Princeton-led team sounds the alarm: AI poses risks to scientific integrity

May 2, 2024
  • An interdisciplinary team warned of using machine learning liberally in science
  • ML-driven research could be impossible to replicate, a principle science relies on
  • They posit REFORMS, a 32-question checklist, to remedy this academic crisis
AI science

AI is transforming scientific research, but without proper guidance, it may do more harm than good.

That’s the pointed conclusion of a new paper published in Science Advances by an interdisciplinary team of 19 researchers led by Princeton University computer scientists Arvind Narayanan and Sayash Kapoor. 

The team argues that the misuse of machine learning across scientific disciplines is fueling a reproducibility crisis that threatens to undermine the very foundations of science.

“When we graduate from traditional statistical methods to machine learning methods, there are a vastly greater number of ways to shoot oneself in the foot,” said Narayanan, who directs Princeton’s Center for Information Technology Policy. 

“If we don’t have an intervention to improve our scientific standards and reporting standards when it comes to machine learning-based science, we risk not just one discipline but many different scientific disciplines rediscovering these crises one after another.”

According to the authors, the problem is that machine learning has been rapidly adopted by nearly every scientific field, often without clear standards to ensure the integrity and reproducibility of the results.

They highlight that thousands of papers using flawed machine learning methods have already been published.

But the Princeton-led team says there’s still time to avoid this impending crisis. They’ve put forward a simple checklist of best practices that, if widely adopted, could safeguard the reliability of machine learning in science. 

The checklist, called REFORMS (Recommendations for Machine-learning-based Science), consists of 32 questions across eight key areas:

  1. Study goals: Clearly state the scientific claim being made and how machine learning will be used to support it. Justify the choice of machine learning over traditional statistical methods.
  2. Computational reproducibility: Provide the code, data, computing environment specifications, documentation, and a reproduction script needed for others to reproduce the study’s results independently.
  3. Data quality: Document the data sources, sampling frame, outcome variables, sample size, and amount of missing data. Justify that the dataset is appropriate and representative of the scientific question.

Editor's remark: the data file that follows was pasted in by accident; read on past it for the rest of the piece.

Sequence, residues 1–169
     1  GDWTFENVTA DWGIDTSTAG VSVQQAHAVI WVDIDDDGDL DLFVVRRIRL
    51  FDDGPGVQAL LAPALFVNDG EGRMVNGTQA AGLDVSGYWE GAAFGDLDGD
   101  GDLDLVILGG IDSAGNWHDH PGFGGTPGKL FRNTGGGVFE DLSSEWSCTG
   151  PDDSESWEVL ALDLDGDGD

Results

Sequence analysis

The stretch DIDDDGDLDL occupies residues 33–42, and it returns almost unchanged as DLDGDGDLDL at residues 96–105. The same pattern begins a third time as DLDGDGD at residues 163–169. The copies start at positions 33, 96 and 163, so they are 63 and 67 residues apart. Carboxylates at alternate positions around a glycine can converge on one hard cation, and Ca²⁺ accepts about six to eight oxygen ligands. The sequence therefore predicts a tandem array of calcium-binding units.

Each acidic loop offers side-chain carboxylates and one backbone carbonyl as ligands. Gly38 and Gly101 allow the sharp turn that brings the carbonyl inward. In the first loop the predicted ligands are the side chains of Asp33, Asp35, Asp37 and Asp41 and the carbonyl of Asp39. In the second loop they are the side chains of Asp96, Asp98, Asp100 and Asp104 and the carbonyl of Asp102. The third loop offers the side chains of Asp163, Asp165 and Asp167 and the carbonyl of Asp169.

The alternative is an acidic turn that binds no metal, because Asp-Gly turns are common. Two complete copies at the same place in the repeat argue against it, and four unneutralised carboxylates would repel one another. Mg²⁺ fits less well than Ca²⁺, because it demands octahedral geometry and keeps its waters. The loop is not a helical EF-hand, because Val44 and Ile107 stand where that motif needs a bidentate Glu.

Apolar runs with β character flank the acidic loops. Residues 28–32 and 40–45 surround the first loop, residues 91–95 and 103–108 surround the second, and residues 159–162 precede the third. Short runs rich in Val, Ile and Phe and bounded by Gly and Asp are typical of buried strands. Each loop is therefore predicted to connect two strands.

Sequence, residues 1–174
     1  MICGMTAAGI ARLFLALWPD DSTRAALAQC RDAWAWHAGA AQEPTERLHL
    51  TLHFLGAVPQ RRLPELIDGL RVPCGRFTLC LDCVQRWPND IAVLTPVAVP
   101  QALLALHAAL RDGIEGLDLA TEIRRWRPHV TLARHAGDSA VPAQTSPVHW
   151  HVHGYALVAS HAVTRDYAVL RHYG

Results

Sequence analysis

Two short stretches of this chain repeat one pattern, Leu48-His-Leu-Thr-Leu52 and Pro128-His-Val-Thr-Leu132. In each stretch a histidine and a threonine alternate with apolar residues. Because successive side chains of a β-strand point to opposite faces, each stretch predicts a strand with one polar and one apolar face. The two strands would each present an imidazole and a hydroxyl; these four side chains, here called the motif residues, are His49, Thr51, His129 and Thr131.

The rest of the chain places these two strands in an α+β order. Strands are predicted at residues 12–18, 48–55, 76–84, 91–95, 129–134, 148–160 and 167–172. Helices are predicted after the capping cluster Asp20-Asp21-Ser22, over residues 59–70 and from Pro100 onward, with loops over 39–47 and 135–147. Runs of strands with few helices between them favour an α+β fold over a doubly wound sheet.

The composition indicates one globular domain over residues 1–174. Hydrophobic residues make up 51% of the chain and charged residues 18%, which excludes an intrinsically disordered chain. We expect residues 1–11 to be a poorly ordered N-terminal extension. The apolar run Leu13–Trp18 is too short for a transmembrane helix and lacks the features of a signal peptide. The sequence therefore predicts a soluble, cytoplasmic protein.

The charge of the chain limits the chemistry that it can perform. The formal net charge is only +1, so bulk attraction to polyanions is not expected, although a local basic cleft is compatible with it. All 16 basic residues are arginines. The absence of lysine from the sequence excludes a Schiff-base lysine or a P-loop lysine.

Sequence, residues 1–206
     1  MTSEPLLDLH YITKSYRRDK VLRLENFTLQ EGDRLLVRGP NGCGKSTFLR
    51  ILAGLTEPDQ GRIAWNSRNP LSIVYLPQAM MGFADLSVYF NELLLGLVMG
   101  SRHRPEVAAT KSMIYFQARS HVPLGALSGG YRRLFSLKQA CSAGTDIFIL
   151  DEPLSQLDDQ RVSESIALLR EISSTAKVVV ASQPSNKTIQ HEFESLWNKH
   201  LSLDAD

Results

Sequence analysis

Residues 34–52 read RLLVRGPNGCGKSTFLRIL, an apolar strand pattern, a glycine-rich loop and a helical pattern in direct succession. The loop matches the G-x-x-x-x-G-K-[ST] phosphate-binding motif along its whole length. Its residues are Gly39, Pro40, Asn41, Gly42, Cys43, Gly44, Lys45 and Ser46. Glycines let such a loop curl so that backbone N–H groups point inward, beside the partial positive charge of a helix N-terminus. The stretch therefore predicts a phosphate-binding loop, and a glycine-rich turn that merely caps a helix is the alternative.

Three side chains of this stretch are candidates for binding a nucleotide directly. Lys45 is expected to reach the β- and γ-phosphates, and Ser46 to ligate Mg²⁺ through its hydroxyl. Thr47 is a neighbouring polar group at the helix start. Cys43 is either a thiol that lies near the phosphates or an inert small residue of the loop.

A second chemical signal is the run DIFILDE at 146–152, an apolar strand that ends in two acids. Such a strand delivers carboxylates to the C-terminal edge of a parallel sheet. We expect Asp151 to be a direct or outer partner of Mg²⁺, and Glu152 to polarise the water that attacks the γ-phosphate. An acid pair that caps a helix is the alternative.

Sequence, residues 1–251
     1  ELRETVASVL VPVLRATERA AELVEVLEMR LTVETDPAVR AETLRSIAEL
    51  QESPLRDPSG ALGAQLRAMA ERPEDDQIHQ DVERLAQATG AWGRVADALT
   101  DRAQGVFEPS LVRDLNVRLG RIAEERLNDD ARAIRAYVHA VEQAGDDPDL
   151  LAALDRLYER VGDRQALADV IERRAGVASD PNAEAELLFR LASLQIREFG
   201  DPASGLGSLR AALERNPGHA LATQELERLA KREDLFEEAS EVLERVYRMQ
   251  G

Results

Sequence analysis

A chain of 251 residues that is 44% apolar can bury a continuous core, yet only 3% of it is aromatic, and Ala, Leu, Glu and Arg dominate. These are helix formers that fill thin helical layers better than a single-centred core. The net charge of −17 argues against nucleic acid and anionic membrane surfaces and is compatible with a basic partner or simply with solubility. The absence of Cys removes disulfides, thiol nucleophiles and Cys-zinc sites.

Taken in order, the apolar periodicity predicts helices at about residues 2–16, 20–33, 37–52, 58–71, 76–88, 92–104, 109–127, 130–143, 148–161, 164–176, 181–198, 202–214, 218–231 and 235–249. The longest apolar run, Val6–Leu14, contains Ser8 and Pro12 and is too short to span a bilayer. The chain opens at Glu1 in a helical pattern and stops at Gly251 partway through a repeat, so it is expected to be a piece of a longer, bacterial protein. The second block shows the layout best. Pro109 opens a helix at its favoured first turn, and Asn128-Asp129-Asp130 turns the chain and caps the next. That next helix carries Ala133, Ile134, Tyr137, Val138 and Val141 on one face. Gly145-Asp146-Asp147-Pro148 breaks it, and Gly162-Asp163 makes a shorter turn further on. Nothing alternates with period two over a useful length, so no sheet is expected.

4. Data preprocessing: Report how data was cleaned, transformed, and split into training and test sets. Provide a rationale for any data that was excluded.
  5. Modeling: Describe and justify all models tried, the method used to select the final model(s), and the hyperparameter tuning process. Compare performance against appropriate baselines.
  6. Data leakage: Verify that the modeling process didn’t inadvertently use information from the test data and that input features don’t leak the outcome.

“This is a systematic problem with systematic solutions,” explains Kapoor.

However, the costs of getting it wrong could be immense. Faulty science could sink promising research, discourage researchers, and erode public trust in science. 

Previous research, such as Nature’s large-scale survey of academics on generative AI in science, indicated that AI’s deeper and progressive integration into scientific workflows is inevitable.

Participants highlighted plenty of benefits – 66% noted that AI enables quicker data processing, 58% believed it enhances computations, and 55% said it saves time and money. 

However, 53% felt results could be unreplicable, 58% worried about bias, and 55% believed AI might enable fraudulent research. 

We observed evidence of this when researchers published an article with nonsense AI-generated diagrams in the journal Frontiers — a rat with giant testicles, no less. Comical, but it showed how peer review might not even catch glaringly obvious uses of AI. 

Ultimately, like any tool, AI is only as safe and effective as the human behind it. Careless use, even if unintentional, can lead science astray.

The new guidelines aim to keep “honest people honest,” as Narayanan put it.

Widespread adoption by researchers, reviewers, and journals could set a new standard for scientific integrity in the age of AI.

However, building consensus will be challenging, especially since the reproducibility crisis is already flying under the radar.

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Sam Jeans

Sam is a science and technology writer who has worked in various AI startups. When he’s not writing, he can be found reading medical journals or digging through boxes of vinyl records.


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